While the STAR, or Sprawl Turned Autonomous Robot, is more than capable of traveling over obstacles with its three-pointed wheels, it can also make itself thin enough to simply slide under others as needed.
Father’s Day 2018 has come and gone, but it’s never too early to start planning for next year. As seen here, Michael Teeuw decided to build a clock out of three analog voltmeters for his dad in 2017.
Solar panels are a great way to produce power literally out of thin air, but how much power they produce depends, in part, on how they are aimed. In order to figure out just how much better his solar setup could be with active tracking, YouTuber GreatScott! decided to test this by creating a miniature solar tracking system.
Binary clocks, which use a series of dots to indicate the time, are nothing new, but you’ve never seen anything like this device by Matt Wos!
Wos’ project features a beautiful driftwood base, and WS2812B RGB LED dots that are suspended above it with copper wire to show the time.
If you want to work with round parts, a lathe is the tool to have, but takes some time to master. A full CNC version takes even more time and skill to understand, but mechanical engineer “Wade’o Design” has come up with something in between.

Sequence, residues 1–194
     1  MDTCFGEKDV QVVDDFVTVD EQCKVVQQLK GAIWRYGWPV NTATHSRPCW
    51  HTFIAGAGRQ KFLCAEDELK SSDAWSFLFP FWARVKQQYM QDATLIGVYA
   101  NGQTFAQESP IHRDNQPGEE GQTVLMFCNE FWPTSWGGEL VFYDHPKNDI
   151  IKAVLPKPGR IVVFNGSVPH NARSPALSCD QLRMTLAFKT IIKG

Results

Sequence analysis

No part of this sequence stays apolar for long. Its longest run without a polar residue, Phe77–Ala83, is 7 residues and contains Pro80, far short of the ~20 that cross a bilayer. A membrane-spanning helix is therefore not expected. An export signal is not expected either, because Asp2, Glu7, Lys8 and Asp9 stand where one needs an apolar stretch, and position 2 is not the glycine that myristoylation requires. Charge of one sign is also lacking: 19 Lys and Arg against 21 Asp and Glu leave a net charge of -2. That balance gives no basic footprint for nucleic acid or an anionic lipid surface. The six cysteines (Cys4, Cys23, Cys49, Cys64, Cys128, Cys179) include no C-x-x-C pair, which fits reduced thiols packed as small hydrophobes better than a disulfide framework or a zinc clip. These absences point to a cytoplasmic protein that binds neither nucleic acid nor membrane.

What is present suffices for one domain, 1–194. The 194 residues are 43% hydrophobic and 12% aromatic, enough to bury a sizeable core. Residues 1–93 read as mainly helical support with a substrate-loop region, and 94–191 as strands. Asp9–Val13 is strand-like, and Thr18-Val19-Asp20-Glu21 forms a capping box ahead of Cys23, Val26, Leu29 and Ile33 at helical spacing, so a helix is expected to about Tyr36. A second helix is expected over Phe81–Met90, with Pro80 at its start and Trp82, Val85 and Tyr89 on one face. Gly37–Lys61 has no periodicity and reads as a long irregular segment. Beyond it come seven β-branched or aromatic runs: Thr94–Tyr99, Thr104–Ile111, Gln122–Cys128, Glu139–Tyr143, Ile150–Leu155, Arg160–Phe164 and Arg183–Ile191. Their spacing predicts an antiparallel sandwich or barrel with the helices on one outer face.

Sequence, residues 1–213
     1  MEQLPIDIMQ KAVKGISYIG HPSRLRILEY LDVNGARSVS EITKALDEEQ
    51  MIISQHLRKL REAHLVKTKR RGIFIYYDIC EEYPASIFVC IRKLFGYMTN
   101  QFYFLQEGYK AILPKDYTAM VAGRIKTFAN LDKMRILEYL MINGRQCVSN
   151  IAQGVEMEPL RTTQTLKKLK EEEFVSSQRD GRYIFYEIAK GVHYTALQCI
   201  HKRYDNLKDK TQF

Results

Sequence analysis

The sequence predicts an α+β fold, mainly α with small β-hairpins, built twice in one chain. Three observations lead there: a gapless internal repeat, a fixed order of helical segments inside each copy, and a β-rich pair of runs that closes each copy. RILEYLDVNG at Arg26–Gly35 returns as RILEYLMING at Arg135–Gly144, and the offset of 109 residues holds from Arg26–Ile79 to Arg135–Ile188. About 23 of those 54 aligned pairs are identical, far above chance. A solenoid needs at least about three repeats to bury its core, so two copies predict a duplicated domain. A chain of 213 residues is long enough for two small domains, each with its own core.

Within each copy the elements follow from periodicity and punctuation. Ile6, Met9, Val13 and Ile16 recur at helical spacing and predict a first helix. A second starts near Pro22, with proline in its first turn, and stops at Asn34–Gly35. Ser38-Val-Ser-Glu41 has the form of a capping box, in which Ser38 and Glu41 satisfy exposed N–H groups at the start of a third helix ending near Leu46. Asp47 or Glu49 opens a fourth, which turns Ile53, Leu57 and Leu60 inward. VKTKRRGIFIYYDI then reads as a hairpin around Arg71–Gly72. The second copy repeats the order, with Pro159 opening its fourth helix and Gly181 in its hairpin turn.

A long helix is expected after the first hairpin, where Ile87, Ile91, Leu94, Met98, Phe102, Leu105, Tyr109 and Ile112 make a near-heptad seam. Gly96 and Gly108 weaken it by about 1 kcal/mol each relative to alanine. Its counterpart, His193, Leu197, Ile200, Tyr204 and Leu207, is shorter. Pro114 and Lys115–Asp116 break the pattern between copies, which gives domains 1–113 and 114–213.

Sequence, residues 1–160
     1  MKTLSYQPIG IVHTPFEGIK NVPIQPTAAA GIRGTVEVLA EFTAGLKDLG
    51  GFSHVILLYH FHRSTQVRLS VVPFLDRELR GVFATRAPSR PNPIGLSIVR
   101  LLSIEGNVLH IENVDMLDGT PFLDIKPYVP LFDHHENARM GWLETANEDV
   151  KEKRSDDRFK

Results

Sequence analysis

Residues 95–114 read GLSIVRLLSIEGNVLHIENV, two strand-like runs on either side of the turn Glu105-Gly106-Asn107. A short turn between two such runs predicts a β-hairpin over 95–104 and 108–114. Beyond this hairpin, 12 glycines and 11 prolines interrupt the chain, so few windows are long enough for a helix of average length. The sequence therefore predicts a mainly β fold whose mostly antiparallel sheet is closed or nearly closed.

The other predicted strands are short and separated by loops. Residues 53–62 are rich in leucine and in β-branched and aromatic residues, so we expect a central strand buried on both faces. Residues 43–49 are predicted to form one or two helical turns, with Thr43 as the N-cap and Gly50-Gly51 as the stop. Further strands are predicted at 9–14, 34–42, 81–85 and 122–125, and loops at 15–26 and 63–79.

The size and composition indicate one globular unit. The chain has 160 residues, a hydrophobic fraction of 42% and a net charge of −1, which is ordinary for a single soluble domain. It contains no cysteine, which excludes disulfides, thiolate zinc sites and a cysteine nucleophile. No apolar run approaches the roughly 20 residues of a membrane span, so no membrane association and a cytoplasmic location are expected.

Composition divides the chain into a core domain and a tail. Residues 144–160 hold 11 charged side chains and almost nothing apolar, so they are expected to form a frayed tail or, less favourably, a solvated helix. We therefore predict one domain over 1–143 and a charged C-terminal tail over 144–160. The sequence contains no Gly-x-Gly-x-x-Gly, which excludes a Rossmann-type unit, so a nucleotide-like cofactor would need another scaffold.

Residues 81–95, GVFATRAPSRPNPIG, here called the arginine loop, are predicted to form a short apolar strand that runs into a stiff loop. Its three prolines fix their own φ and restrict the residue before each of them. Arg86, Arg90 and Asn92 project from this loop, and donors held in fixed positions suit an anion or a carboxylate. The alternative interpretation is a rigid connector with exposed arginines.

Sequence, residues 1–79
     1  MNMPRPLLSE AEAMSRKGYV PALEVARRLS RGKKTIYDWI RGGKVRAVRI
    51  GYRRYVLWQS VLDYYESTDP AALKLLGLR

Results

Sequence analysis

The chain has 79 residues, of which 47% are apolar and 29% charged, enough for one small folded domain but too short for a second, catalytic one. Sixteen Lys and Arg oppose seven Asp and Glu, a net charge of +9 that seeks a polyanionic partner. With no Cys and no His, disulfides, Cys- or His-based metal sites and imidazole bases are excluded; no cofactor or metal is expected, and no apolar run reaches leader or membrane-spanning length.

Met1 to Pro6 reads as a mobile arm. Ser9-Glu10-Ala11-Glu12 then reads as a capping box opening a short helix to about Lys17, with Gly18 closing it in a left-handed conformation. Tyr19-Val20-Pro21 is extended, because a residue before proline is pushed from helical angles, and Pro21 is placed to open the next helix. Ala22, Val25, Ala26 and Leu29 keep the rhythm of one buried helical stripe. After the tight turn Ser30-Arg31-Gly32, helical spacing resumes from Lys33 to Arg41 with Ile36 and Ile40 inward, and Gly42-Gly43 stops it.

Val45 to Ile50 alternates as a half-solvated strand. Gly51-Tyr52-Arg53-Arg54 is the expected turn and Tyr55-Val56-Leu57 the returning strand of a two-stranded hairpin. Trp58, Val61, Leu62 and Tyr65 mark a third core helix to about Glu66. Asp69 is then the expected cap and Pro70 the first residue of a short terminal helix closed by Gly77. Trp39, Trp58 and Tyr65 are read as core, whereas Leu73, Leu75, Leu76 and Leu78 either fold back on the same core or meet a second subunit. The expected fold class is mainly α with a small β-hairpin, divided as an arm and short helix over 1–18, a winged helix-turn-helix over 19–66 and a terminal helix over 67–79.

After successfully building a gigantic geometric interactive light structure, Jonathan Bumstead decided to do things in a more approachable manner, creating a more a reasonably-sized dodecahedron controlled by an Arduino Nano.
This device by Dejan Nedelkovski of How To Mechatronics implements both an ultrasonic sensor for range measurement and an accelerometer for measuring angles. While you’ve likely seen these implemented separately in other projects, combining them saves space, and allows the Arduino Nano onboard to use the two readings together to calculate a square area automatically.
If you have young kids, you’ve probably realized that they don’t exactly like to sleep in. While their energy levels are enviable, if their clock-reading skills haven’t yet caught up, this device by maker “JonathonT” looks like a great and simple solution.
Graduate students Ben Wiener and Philip Zucker have been working on a classic controls problem for quite some time called an “inverted pendulum.” This type of device balances a stick on an axis, and in this implementation, a motor pulls the axis assembly that the pendulum—a paint stirrer—is sitting on to keep it stable.
We’re excited to kick off Maker Faire Bay Area by expanding our IoT lineup with two new boards: the MKR Vidor 4000 and the Uno WiFi Rev 2.
If you need a way to restrict access to power tools to only authorized users, Casey Horton’s magnetic card reader setup, shown in the video below, looks like a great solution.